Why unmarried couples should consider a cohabitation agreement
Nowadays, more and more couples live together like traditionally married couples do, but without feeling the want or need to get married, for many different reasons. Although no one, whether married or not, wants to think about their relationship ending or their partner passing away, everyone should understand their legal rights and the protections that are available to them in these situations – to make informed decisions on issues that may, at some point in future affect them – such as the choice of whether or not to enter into a cohabitation agreement.
In this blog, we explain the differences between being classed as common law married and being actually married and why cohabitation agreements can be beneficial.
Do long-term cohabiting couples have similar rights to married couples?
Many cohabiting couples believe they are ‘common law married’ if they have lived together for over a year and are under the impression that they have similar legal rights and protections of those that are married. This is a common misconception that is just not the case and should the relationship end or one party pass away, they could end up losing their home and assets that they have benefitted from or built up during the relationship.
Why consider a cohabitation agreement?
Cohabitation agreements are something cohabitating couples should consider to provide both parties some peace of mind that they can agree terms, providing reassurance and have some legal rights and protection in the event of a relationship either ending, one party falling seriously ill or passing away. Without a cohabitation agreement in place, unmarried couples often do not have many legal rights at all and making legal claims is very complex and expensive.
The agreements can cover arrangements for how finances, property and other assets would be divided in certain events, as well as arrangements for any children of the relationship. Cohabitation agreements can also include information on your responsibilities and how bills and mortgages would be divided during the relationship.
A lot of people either do not know about them, or are put off entering into a cohabitation agreement because they decide to wait until they get married, when additional rights will be acquired generally – however, unfortunately, you can never know when the unthinkable may happen – so it is always best to protect yourself, just in case. Cohabitation agreements will usually become void once you are married, so if you wanted such an arrangement to still be in place, you should enter into a prenuptial agreement before marriage.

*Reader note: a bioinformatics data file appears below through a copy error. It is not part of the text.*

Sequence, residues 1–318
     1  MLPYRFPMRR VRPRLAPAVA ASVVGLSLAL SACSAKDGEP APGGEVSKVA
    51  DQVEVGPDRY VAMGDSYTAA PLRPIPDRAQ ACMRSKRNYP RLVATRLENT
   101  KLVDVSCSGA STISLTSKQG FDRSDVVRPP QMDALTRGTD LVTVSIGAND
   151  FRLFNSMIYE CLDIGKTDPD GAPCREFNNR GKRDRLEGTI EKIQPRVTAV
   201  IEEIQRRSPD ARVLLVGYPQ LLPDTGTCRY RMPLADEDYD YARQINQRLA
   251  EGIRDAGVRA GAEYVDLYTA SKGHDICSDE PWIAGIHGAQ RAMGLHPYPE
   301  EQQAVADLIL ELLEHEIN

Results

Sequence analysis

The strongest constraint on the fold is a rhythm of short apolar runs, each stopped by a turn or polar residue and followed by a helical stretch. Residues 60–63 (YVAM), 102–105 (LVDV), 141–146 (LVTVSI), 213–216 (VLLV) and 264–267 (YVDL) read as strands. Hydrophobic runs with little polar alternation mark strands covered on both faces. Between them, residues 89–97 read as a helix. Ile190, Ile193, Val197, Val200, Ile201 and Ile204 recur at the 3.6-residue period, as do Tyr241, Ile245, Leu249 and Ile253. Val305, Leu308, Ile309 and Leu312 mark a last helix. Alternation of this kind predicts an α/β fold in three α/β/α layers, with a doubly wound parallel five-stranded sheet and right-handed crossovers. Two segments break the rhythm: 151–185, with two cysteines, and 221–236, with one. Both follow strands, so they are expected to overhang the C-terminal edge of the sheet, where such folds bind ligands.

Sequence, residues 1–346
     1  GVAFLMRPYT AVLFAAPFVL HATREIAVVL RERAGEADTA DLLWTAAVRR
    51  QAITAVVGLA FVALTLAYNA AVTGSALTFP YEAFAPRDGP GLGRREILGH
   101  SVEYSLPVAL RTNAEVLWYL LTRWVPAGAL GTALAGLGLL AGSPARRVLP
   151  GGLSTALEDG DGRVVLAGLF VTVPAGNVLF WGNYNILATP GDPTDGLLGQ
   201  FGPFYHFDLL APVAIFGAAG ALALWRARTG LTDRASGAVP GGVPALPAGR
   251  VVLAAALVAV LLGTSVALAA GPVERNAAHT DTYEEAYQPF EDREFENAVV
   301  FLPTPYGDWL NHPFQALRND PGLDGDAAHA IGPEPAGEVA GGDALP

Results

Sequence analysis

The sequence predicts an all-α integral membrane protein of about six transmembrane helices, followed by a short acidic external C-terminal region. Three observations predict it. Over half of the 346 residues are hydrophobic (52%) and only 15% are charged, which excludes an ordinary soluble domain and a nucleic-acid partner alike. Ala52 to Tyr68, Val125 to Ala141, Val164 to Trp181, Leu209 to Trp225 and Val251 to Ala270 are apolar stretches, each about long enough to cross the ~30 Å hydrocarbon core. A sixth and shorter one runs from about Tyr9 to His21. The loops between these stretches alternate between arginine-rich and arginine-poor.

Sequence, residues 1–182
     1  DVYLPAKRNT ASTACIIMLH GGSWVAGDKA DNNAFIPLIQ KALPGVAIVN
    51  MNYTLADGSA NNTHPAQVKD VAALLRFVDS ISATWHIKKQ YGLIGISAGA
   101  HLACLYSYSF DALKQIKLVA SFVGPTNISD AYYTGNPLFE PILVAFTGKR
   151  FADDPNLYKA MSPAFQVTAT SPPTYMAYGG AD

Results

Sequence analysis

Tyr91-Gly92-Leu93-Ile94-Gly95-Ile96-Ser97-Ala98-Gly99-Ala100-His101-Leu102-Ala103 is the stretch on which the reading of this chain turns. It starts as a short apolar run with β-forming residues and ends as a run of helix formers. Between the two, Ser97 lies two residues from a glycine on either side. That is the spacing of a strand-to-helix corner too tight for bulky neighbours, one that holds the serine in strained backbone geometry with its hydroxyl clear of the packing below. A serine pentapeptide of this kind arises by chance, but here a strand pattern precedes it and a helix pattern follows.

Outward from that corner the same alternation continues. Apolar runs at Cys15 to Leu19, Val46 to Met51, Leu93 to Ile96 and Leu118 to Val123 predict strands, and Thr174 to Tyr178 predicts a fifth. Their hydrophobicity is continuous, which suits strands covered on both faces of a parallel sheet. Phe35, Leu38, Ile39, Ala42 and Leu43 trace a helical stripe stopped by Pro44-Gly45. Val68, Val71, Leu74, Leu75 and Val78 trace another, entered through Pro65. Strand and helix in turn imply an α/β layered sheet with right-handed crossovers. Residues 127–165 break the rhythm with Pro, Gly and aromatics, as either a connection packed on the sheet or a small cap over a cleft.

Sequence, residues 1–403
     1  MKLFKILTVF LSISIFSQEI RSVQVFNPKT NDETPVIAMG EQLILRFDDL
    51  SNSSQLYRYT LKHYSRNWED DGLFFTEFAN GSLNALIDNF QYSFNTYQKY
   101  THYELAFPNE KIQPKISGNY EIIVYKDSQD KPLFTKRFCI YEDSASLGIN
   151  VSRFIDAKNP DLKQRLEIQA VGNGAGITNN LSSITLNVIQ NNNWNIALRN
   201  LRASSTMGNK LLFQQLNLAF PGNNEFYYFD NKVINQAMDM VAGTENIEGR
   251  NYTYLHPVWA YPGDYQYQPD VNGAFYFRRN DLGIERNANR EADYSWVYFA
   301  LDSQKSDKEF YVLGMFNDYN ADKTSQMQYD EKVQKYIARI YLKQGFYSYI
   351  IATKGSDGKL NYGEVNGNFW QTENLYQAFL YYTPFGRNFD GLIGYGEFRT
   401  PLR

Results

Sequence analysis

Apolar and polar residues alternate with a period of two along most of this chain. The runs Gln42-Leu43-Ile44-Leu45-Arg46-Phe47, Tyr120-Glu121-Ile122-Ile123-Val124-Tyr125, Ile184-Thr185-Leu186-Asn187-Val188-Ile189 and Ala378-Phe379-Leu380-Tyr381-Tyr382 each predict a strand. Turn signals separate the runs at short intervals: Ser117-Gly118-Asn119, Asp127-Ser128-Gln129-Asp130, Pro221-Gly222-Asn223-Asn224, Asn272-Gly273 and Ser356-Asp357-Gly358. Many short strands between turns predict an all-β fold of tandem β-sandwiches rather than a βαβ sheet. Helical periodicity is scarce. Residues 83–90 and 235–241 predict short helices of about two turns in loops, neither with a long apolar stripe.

Other reasons to enter a cohabitation agreement include providing access to each other’s state pensions and also documenting your consent to speak for your partner and obtain information, similar to next of kin rights in medical emergencies. Having an agreement in place can also save you hundreds to thousands of pounds in legal fees, should you be in the situation where your relationship ends or one party passes away.
How to ensure a cohabitation agreement is legally binding?
If you decide to go forward with entering into a cohabitation agreement, it’s important that both parties seek professional and independent legal advice – to ensure the agreement protects both parties interests and reflects what both parties want. The agreement should be drawn up by a solicitor to ensure it is legally binding.
In the event your life circumstances change as a couple, for example you buy property, emigrate, have children, adopt etc., then you need to update your agreement to reflect this to ensure it remains legally binding. This would also be an appropriate time to update your Will too – if you haven’t already made one, this is something that every adult should have in place, especially cohabiting couples, even if a cohabitation agreement hasn’t been entered into.
If you would like further advice on cohabitation agreements or making a Will, contact specialist Family Law, Wills and Probate Solicitor, Carol-Anne on firstname.lastname@example.org or call 01484 442 700.
Written by Carol-Anne Baker